West Flagler Associates, the operator of horse racing tracks and jai alai frontons in Florida, is continuing its legal battle against the Seminole Tribe’s sports betting monopoly in the state. The operator is petitioning the State Supreme Court to shut down the tribe’s mobile sportsbook, which was relaunched earlier this week.
The Seminole Tribe of Florida, which owns the Hard Rock casino brand, reactivated its controversial statewide sports betting app after the U.S. Supreme Court denied a request by West Flagler’s lawyers to block the 2021 gaming compact. This compact gave the tribe a monopoly on sports betting, as well as permission to offer roulette and craps.
West Flagler argues that the $2.5 billion gaming agreement violates the Indian Gaming Regulatory Act (IGRA) because the tribe’s mobile app allows betting statewide, rather than just on tribal lands. The operator also asserts that the compact violates the equal protection clause of the U.S. Constitution.
The legal battle has been ongoing for two years, with West Flagler suing in both state and federal courts. A federal appellate panel ruled in June 2023 that the issue would be better decided by the Florida Supreme Court. A ruling on the state case is expected next year, but in the meantime, West Flagler is concerned that the tribe will profit from the app’s operations.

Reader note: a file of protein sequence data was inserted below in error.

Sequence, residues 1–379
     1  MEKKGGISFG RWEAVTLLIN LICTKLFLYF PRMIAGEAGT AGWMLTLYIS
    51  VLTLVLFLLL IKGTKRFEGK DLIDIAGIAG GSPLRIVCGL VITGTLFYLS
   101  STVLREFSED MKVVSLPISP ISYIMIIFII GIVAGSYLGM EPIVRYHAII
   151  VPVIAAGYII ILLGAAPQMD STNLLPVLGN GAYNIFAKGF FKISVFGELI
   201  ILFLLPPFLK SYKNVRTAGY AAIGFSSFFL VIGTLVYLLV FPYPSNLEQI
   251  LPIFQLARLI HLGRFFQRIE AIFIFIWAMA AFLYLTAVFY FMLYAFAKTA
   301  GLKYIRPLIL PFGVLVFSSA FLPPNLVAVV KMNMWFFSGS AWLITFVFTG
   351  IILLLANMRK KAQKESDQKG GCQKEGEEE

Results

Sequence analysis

The Seminole Tribe and the State of Florida argue that the app complies with IGRA because its servers are based on tribal land, where the bets are processed. They also contend that the compact does not violate the Florida Constitution’s amendment on casino gaming expansion, as it only applies to commercial sports betting outside of a Tribal compact.
The legal wrangling between West Flagler and the Seminole Tribe is set to continue as both parties seek to define the boundaries of tribal gaming and sports betting within the state of Florida.